Better designs, higher consumer desire drive evolving casual industry
Keith Guidry -- Casual Living, August 15, 2005
As a kid I remember unloading rail cars of patio furniture for the family business. This would be brought to our store, unboxed and prepared for the sales floor. The style? Wrought iron and more wrought iron. This was some 25 years ago and, although wrought iron is still a large percentage of our sales, it is no longer the norm by any means.
Not only has the medium broadened, patio furniture of today has embraced the desires of the ever-demanding consumer. Where a table and four chairs was the main desire, now a more comfortable cushioned seating arrangement is the more craved furniture purchase. This tilt in consumer purchasing trends has not only been met by manufacturers, but has exceeded customers' perception of "what can be." I have told customers that even I am amazed at the advances of the industry. From fabrics and cushions to detailed designs from designers and manufactures, every year seems to be outdone by the prior one.
If my grandfather, Percy Guidry, were alive today and could see these changes, he would probably comment "jamais d' la vie!" (never in my life). As did many people in Southern Louisiana, my family grew up in a home where wrought iron chairs and gliders graced our patio. This morning I enjoyed a freshly brewed cup of coffee while reading the Sports section of the newspaper in a cushioned synthetic wicker/teak accented club spring chair, my feet propped on a marble mosaic cocktail table, while my wife sat next to me on a cushioned sofa of similar make reading the Accent section. Our son woke up and joined us by curling up in a thick cushioned wrought iron spring chair.
My point is: This isn't your grandmother's furniture any more. There are so many options available to us as retailers and to the end consumer. It has become more challenging to buy not only the correct amount of inventory dollar wise, but to interpret what has evolved into a fashion industry for the home. Now we determine which frame colors are popular and we pick fabrics that will accent the frame color. We wonder whether we should go traditional or a little eclectic? What about throw pillows? And the tabletops — synthetic stone, marble or granite? My father's buying decision consisted of dollar amount and color — back then it was pale yellow, white and black. Our challenges are really different from those of 25 years ago, but are exciting as well.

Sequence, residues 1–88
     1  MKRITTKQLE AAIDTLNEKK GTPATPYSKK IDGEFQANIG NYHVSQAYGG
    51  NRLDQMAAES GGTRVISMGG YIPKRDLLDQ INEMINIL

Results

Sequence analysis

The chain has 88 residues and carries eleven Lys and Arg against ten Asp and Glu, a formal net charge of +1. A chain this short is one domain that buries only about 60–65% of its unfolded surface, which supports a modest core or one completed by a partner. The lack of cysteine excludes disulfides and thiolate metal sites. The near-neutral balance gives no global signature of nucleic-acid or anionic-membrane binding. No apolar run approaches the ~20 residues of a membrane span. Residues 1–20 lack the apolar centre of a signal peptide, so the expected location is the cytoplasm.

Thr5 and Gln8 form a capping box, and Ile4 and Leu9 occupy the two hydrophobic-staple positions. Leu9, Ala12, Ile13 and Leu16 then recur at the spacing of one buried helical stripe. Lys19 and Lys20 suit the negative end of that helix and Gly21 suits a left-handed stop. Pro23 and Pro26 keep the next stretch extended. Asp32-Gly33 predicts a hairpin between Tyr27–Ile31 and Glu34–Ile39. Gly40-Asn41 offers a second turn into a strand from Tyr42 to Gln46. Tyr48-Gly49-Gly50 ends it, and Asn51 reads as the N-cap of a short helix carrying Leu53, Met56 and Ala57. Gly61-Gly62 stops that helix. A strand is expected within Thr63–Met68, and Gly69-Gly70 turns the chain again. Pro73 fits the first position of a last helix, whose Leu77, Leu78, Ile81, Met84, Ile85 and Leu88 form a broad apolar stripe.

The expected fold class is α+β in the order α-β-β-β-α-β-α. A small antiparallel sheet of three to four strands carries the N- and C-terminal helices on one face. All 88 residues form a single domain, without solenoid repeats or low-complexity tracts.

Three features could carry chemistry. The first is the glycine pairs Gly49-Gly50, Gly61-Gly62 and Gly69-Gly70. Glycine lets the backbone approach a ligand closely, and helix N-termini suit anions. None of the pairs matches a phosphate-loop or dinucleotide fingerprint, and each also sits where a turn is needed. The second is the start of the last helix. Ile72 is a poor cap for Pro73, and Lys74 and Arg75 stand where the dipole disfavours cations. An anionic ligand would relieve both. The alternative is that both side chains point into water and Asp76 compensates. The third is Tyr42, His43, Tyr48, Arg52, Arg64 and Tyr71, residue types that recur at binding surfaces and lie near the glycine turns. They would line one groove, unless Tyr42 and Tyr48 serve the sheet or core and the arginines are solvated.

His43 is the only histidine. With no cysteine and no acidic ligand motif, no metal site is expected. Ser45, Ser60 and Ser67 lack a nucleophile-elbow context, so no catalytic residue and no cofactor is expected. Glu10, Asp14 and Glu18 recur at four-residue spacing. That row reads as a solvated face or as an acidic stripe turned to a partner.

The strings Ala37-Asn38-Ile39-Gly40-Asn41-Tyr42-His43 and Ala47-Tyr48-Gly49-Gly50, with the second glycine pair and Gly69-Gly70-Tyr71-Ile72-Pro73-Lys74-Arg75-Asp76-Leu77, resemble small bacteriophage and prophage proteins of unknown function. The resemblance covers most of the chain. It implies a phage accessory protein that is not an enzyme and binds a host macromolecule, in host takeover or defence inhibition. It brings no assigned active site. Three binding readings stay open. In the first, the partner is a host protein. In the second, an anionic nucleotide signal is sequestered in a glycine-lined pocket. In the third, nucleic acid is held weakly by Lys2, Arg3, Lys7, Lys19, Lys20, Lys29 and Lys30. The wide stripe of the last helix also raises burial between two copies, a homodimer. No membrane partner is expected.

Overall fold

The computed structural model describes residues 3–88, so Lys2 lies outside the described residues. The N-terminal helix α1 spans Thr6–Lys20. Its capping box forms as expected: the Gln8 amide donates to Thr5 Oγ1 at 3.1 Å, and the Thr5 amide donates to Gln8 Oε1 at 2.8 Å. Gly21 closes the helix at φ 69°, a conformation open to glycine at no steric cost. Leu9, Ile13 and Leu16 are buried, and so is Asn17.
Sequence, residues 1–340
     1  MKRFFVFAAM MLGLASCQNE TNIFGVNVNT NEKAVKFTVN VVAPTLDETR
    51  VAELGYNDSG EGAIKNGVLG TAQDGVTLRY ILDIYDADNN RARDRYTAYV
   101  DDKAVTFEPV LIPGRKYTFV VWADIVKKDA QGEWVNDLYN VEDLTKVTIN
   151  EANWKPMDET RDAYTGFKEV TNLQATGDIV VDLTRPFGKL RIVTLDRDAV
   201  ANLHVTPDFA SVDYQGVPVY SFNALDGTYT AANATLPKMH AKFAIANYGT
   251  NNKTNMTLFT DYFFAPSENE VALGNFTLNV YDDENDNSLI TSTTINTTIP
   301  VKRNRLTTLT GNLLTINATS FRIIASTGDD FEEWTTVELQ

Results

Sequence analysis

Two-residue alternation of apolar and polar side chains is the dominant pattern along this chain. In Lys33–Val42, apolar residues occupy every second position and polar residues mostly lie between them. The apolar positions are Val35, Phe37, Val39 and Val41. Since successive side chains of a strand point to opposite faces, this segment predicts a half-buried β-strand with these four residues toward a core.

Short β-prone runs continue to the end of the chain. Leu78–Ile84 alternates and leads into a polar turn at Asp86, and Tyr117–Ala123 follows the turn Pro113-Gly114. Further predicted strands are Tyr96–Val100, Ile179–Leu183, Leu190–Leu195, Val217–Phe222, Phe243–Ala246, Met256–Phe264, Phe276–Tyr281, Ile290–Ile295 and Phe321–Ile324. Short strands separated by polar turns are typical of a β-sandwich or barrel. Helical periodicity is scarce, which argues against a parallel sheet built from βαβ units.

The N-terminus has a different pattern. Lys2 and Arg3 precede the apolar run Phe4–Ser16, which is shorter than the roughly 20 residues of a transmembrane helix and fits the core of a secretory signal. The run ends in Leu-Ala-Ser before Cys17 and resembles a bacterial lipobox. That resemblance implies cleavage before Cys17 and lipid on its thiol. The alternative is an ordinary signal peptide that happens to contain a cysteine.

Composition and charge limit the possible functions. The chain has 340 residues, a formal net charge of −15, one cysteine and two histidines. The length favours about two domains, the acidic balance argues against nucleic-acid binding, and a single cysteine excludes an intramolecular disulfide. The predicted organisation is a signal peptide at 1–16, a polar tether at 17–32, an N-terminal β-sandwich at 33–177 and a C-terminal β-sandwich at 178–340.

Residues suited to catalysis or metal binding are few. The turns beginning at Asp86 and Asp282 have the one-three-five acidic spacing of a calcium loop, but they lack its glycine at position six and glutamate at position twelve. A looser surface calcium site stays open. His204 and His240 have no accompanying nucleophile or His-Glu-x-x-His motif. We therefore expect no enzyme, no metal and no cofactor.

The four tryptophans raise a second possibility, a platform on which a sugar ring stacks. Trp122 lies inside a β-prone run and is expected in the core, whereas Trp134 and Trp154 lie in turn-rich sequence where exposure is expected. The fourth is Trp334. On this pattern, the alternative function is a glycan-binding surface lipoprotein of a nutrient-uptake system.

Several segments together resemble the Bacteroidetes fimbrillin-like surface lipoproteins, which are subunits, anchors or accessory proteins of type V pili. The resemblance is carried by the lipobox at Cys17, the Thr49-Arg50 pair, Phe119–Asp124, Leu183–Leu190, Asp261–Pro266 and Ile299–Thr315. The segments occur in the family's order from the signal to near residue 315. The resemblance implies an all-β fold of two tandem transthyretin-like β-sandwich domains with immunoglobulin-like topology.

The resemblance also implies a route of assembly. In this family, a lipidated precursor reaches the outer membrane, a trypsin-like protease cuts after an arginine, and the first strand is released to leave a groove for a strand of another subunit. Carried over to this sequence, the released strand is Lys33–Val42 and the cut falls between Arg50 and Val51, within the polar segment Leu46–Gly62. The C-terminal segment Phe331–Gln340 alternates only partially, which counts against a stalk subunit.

There are three categories of customers I perceive coming in to shop for patio furniture.
One is Bubba, who does not want to "refinance his home, just to have patio furniture." If it were not for his wife, he would be just as happy sitting on a five-gallon bucket. They look for something simple and easy. Low price and now.
Customer No. 2 is a little more savvy, has seen and probably purchased the lesser expensive stuff and is looking to replace it with better quality and a better warranty. They see the added benefits of paying a little more. They are looking for something other than a dining set and definitely don't want anything with glass. These customers want a seating group for enjoying evenings on the patio and, if they have room, maybe that matching dining group.
Customer No. 3 is not as concerned with price as with style. They not only don't mind special ordering and waiting, they expect it. They agonize over the fabrics and frame colors, spending hours shopping and purchasing just the right arrangement. They might even ask to take the samples home so a designer can help with their purchase. These customers used to be the exception and not the rule. Customer No. 2 was, and in large part, is the rule. But, more often, we are seeing customer No. 3 — and it is up to us as buyers and retailers to predict, purchase and display handsomely what we perceive this customer wants.
Equally important is the responsibility of manufacturers and designers to bring to market products that will continue to push the envelope of customer demand. Bringing a product to market is one thing, and being able to produce and ship this product before and during the season is another. We as retailers cannot sell what we cannot get. Recently we have seen manufacturers bog down in design to the point that the product cannot be made in a reasonable time frame. This seems to be an increasingly universal problem. I am confident manufacturers acknowledge this and have felt the strain. I also am confident things are underway to correct this problem. If they cannot get the product out, sales are not turning either. It seems to be a fine line between design and feasibility (profitability).
One thing is for sure, "This isn't your grandmother's furniture any more."
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